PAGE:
What's wrong with my plant? How to 'read' your leaves

Having beautiful plants in your home or garden is a simple way to show off a green thumb. If the condition of your plants are starting to make you question whether you actually have any skills as a gardener, there's no need to fret. This helpful guide will give you simple tips to help play plant doctor.
Plants, like people, require certain conditions to thrive. A lack of sunlight (or too much), too much water (or too little) and bugs are a few things that can turn a plant from stunning to sickly in a snap. Check out a few reasons why your plant may not be thriving.
Pests: Bugs can do a surprising amount of damage, especially considering how small they are. You'll notice bugs living on the leaves and may even see holes where bugs have been enjoying lunch. Try spraying the plant with insecticide, according to Spring River Nurseries.
Water: It's usually pretty obvious when your plant isn't getting enough water, but you can overwater a plant, too. Look for leaves that are yellowing and wilted if they are overwatered. Try repotting the plant in soil with better drainage and keep a lighter hand when watering.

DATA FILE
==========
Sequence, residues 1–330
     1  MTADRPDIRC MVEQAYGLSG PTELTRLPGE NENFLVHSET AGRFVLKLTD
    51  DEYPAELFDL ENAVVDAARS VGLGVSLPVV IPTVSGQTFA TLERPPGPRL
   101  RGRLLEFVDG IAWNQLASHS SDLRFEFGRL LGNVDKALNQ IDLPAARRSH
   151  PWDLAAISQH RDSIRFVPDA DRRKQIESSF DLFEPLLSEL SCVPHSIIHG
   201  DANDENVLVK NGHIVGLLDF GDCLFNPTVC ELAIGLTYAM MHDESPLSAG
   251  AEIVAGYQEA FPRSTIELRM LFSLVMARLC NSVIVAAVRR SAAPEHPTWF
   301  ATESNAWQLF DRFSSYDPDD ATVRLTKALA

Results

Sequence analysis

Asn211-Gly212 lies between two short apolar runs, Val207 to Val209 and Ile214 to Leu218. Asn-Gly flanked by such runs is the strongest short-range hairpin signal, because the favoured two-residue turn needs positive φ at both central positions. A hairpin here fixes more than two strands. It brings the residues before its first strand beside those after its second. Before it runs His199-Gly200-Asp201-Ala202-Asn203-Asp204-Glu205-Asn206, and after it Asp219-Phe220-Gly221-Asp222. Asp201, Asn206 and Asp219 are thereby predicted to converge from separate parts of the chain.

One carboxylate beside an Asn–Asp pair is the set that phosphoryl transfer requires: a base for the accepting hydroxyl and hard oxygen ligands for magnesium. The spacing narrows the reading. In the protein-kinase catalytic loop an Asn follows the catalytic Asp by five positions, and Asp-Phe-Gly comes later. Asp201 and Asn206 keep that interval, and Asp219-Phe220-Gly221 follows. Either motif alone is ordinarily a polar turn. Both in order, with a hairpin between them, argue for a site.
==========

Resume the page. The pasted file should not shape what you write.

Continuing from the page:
Sunlight: If the plant starts to look droopy and tired, it may not be getting enough sunlight. Sun helps the plant produce the food it needs to grow. Make sure your plant is getting enough sun by moving it to a brighter location.
In addition to water and sunlight, the plant may need a boost of minerals to put more perk in its leaves. Common deficiencies include potassium, zinc, nitrogen and iron. Yellowing on the edges or light discoloration all over the leaf are signs plants may be lacking one or more minerals.
Plants need a mix of micro- and macronutrients to thrive. These nutrients are essential for healthy plant growth. Macronutrients such as calcium, sulfur, magnesium and nitrogen can found in lime and/or natural composts. Plants require micronutrients such as boron, copper, iron, chloride and zinc to grow, but they need less of them, according to North Carolina Agriculture. Adding a bit of lawn clippings to plants will provide enough micronutrients.
Watch plants and monitor them for small changes so you can adjust the water, sunlight or nutrient levels at the first sign of trouble.
How do you keep your plants healthy? Share your thoughts in the comments below. ​

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